Everyone I know sacrifices at least some of his or her self for others. It could be the person working hard to take care of their children. It could be the person who donates some of their money to help those in need.
It could running 5k charity races. It could be simply working to help their employer continue to earn a profit. It could be taking care of their yard so their neighbors’ property value doesn’t degrade due to their own negligence.
In essence we all sacrifice our selves at times to help someone else. We all push to provide society with some sort of assistance.
But what happens when we take on this mindset and let us personally suffer? What about us? Do we care for our own body, mind, spirit, etc. in the same way we care for others? Or do we sacrifice too much of us for others?
I always find it interesting when I fly on a plane that they say to put your own mask on before helping anyone else. In our society, helping us before others is looked at as selfish. But on a crashing plane it is considered survival. It is a matter of necessity. If we don’t help us, then we can’t help others.
In 12 Rules for Life: An Antidote to Chaos by Jordan B. Peterson, the author says, “We deserve some respect. You deserve some respect. You are important to other people, as much as to yourself. You have some vital role to play in the unfolding destiny of the world. You are, therefore, morally obligated to take care of yourself. You should take care of, help and be good to yourself the same way you would take care of, help and be good to someone you loved and valued. You may therefore have to conduct yourself habitually in a manner that allows you some respect for your own Being – and fair enough.”
Once you realize the responsibility to your self, you need to realize that this doesn’t mean just to you in the present. It means the future you. It means that we have to learn how to habitually invest in the future version of us.
We have to have the right systems and habits in place in order to make sure we are not constantly stealing from the future for our present enjoyment. Do this once in a while and you won’t find the future version of you getting the shaft, but do this over and over by way of habits, and you will come to find a grim future.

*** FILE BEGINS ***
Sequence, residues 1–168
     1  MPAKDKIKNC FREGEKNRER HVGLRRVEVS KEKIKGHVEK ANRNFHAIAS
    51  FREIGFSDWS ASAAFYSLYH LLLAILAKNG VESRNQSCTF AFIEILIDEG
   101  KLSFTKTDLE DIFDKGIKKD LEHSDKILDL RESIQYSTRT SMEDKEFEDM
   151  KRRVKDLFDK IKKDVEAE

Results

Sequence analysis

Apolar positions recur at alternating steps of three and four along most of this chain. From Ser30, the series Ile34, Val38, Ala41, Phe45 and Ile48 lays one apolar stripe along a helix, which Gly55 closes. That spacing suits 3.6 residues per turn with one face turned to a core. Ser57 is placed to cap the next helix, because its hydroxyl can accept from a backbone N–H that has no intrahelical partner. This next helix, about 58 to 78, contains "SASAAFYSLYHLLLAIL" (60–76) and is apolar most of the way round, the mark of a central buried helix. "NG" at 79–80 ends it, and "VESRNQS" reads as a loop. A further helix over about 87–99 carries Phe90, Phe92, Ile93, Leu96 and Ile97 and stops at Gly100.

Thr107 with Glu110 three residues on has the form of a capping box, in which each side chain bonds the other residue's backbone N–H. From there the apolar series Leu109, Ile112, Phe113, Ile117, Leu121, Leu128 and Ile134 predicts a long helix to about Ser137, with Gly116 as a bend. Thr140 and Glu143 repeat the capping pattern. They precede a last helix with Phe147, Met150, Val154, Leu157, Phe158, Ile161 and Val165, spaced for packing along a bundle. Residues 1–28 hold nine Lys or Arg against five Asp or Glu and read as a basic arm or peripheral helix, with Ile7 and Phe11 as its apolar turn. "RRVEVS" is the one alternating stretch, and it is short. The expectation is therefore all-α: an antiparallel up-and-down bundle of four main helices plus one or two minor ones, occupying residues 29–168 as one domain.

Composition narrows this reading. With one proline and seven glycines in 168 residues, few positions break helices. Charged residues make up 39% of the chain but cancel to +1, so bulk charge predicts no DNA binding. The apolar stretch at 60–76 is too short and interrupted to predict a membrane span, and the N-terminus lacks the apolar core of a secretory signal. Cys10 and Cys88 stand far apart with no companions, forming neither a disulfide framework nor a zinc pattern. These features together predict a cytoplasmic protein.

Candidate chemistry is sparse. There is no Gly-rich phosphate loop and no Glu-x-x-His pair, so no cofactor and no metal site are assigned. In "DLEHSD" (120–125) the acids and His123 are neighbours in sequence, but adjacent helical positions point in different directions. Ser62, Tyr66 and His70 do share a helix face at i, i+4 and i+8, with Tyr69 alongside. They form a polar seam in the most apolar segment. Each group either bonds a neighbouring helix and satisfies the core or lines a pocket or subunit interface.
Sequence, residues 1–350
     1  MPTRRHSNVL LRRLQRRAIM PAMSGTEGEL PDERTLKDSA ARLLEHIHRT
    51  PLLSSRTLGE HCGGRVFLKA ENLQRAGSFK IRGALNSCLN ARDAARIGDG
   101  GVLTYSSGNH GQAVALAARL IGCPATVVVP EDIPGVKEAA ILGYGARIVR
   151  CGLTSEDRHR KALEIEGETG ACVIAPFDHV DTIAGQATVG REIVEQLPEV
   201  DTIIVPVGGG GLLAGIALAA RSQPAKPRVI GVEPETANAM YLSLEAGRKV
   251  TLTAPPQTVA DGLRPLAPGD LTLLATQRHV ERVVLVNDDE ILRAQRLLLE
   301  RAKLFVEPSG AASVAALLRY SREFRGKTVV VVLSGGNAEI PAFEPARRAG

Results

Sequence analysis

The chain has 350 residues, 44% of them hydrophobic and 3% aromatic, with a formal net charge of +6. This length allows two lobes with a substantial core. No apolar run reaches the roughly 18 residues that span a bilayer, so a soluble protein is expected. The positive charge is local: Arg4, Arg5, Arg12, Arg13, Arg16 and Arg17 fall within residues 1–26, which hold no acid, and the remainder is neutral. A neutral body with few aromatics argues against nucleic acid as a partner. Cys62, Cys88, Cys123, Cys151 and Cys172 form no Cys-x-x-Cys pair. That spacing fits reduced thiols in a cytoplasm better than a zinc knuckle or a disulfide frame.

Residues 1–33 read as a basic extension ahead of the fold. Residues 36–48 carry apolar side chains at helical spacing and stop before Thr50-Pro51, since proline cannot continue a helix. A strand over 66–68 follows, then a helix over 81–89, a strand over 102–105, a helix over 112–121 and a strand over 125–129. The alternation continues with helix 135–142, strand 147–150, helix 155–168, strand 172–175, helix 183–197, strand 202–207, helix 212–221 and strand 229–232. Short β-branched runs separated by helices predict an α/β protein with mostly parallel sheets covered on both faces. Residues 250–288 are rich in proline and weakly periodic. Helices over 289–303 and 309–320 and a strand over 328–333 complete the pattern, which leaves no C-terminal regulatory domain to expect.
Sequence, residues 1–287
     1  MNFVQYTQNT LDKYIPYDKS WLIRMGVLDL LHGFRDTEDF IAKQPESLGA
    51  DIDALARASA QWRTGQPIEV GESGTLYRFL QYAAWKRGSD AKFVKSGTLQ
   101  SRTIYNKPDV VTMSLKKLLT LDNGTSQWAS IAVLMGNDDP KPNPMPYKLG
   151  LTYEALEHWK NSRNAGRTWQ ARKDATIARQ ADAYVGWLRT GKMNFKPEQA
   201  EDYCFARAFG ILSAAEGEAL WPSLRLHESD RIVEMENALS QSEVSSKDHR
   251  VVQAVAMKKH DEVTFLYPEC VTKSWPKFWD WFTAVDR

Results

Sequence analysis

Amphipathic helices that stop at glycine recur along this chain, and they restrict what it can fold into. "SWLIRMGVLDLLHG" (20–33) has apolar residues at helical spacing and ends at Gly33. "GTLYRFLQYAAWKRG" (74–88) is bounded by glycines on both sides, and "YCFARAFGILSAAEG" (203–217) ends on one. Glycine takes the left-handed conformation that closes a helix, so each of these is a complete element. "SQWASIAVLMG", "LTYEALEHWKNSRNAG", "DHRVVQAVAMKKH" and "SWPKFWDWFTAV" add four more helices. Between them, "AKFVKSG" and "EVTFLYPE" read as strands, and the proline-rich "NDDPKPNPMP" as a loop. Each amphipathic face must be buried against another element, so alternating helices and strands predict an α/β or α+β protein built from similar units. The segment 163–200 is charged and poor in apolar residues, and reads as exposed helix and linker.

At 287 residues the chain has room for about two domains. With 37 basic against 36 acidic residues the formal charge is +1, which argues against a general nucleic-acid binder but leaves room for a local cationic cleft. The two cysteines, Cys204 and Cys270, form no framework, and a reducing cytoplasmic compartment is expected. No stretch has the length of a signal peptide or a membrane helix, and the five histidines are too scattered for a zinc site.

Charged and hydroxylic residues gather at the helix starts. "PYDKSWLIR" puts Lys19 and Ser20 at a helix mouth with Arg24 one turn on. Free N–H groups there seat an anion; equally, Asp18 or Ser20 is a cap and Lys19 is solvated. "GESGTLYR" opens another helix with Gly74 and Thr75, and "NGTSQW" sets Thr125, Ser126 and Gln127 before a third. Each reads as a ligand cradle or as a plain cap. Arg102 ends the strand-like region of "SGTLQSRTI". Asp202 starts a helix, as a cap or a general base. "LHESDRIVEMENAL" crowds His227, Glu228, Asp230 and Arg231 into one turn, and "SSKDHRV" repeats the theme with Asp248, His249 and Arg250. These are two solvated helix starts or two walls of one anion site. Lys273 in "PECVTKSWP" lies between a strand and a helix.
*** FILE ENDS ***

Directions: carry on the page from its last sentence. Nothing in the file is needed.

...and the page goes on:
This is the equivalent of trying to take care of everyone else before your self. But if we design the right systems in our life we can balance this to assure that we are investing in the future. We are doing what we need to do today, so that tomorrow we aren’t becoming a burden to others.
Self-sacrifice is commonplace but we need to make sure we don’t sacrifice too much today leaving us worse off tomorrow. Instead we need to structure our daily habits to adequately take care of us, now and in the future, so that we can continue to help others.
This will allow you to help others to a greater degree than sacrificing everything you have today to help others. Just as everything in life, self-sacrifice taken to the extreme is less valuable than maintaining balance. But a balanced approach can allow you to keep helping those you care about and provide more and more value to others and to your self.
Peterson goes on to say, “You need to consider the future and think, ‘What might my life look like if I were caring for myself properly? What career would challenge me and render me productive and helpful, so that I could shoulder my share of the load, and enjoy the consequences? What should I be doing, when I have some freedom, to improve my health, expand my knowledge, and strengthen my body.’”
When you start to answer those questions you will get a clear idea of what you want. Then you can use the systems and habits approach to improvement to help you determine how to do those things.